Before the lottery, students seem unlikely to change housing patterns

It appears that this year’s housing picks will follow the same trends as in the past, despite circulating rumors that construction in Mission Park and the Greylock Quad could affect the draw.

Students in this year’s first year and sophomore classes seem much more concerned with living near friends than with the changes that will be occurring in those two areas. So far, most students say they are determined to pick into the dorms that they would have chosen had construction not been going on and they plan to the make the best of their living situations regardless of conditions. As a result, fears that class year distribution among the dorms could be significantly skewed, including speculation that rising juniors might choose to live in Mission, forcing rising sophomores into Greylock, appear for the most part to be unfounded.

But construction near the Greylock Quad could still influence some housing decisions. Many members of this year’s sophomore class worry that the construction will create noise and hassle if they choose to pick into this area for next year. Just as Mission has customarily accommodated sophomores, students have traditionally viewed Greylock as home to mostly juniors and as a step up from Mission.

Many of this year’s sophomores seem willing to live near the construction in order to be in Greylock with their friends. Scott Pierce ’05 articulated the sentiments of many sophomores: “I’m concerned about the construction in Greylock, but not enough to prevent me from happily finding a room there,” he said.

Sophomores who are worried about living near the construction have expressed interest in both the Berkshire Quad and Mission. Improvements to Mission this summer, which will include expansion of common spaces and cable access, could make living in that dorm an even more attractive option. Jeffrey Dougherty ’05 is one sophomore who is concerned with the construction. “I’m hoping to live somewhere in the Odd Quad next year, hopefully in Prospect,” he said. “The construction in Greylock has definitely influenced my decision – if it came down to living in Greylock or Mission next year, I very well might decide to pick into Mission rather than live in a construction zone all year.”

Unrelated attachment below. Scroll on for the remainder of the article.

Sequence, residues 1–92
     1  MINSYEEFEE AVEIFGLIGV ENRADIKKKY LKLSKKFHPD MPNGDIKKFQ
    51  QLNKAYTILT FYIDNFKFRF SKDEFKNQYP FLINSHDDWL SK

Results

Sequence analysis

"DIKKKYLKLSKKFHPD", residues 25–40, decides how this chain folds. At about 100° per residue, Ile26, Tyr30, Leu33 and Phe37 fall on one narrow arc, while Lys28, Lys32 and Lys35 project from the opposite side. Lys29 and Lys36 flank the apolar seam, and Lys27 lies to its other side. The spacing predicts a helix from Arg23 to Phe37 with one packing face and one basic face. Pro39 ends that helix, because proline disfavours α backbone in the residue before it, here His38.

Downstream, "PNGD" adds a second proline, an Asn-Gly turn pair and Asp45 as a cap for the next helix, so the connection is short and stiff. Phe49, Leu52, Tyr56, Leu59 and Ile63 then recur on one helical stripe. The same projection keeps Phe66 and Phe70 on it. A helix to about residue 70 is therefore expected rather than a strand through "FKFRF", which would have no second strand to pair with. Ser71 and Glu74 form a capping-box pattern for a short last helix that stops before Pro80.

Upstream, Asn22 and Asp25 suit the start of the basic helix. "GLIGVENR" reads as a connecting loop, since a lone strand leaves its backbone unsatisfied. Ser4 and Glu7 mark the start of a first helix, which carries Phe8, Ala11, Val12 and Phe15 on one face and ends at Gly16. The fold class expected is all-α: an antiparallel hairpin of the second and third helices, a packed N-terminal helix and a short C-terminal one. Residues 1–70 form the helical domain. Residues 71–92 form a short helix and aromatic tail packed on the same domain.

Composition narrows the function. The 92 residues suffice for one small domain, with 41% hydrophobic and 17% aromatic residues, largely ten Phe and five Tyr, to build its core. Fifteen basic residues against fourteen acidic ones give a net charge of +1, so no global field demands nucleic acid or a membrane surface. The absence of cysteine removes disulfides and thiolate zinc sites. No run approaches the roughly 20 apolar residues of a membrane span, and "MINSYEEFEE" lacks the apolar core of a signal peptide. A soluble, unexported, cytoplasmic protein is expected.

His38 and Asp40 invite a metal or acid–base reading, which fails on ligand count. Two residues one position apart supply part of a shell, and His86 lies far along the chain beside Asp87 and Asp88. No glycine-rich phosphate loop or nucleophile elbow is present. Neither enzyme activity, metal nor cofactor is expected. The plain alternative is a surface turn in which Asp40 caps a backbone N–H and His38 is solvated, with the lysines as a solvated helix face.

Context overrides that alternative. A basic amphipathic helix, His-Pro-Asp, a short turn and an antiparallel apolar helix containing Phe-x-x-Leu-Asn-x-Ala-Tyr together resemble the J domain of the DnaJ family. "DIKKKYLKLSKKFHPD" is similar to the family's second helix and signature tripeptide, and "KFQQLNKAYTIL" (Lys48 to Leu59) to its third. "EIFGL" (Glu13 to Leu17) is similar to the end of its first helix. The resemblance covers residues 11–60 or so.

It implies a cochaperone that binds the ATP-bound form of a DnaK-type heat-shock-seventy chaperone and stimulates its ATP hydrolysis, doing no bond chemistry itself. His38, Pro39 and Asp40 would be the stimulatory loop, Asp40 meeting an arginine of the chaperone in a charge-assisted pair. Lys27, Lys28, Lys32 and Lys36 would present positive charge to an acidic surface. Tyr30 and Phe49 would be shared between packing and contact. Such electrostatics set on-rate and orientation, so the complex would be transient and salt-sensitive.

While the question has been raised over whether or not more rising juniors might choose to live in Mission next year, most say that they would rather suffer through the construction than live there again. “I absolutely refuse to live in Mission again; I don’t care how nice it is,” Scott Moskowitz ’05 said.

When asked about dorm preferences for next year, most members of this year’s first year class expressed a wish to pick rooms near those of their friends. For the majority, this means picking into Mission, a dorm that many students find attractive because of the large number of sophomores who traditionally choose to live there. “I want to live in Mission because I want a single and I want to live among my friends,” Brad Chu ’06 said.

Others mentioned Prospect and the Berkshire Quad as their first choice. Johannes Pulst-Konberg ’06 said, “I’m planning to live in the Odd Quad next year, specifically either Fitch, or Prospect. The reason for my decision is purely based on the people who tend to live in the Odd Quad.”

“I am thinking about Prospect or the Odd Quad because of location – close to the weight room, track and my work in the athletics office,” Tommy Hall ’06 said.

Many of those first years who wish to live in Mission see Greylock as the best alternative if they find themselves unable to secure rooms there. “I’m hoping to live in either Mission or Greylock,” said Meaghan Rathvon ’06. “[With] a good pick, I’ll definitely choose to live in Mission. I’d rather be around a good group of friends in a second choice location than with a bunch of people I do not know in my first choice location.”

Yet many first years seem content to live anywhere perhaps because they see the housing draw as fairly unpredictable due to inexperience and the possibility that rising juniors could avoid Greylock as a result of the construction. “My pick is based on what’s open. I really don’t have any strong preferences,” Kevin Child ’06 said.

For the majority of next year’s sophomores and juniors, the most important factor will be where their friends are living. Except for the next year’s House Coordinators (HCs) and members of their groups, HC assignments seem to have no effect on students’ decisions to choose certain dorms. When it comes down to actually choosing a room, it is the people rather than the place that matters most to the typical Williams student.

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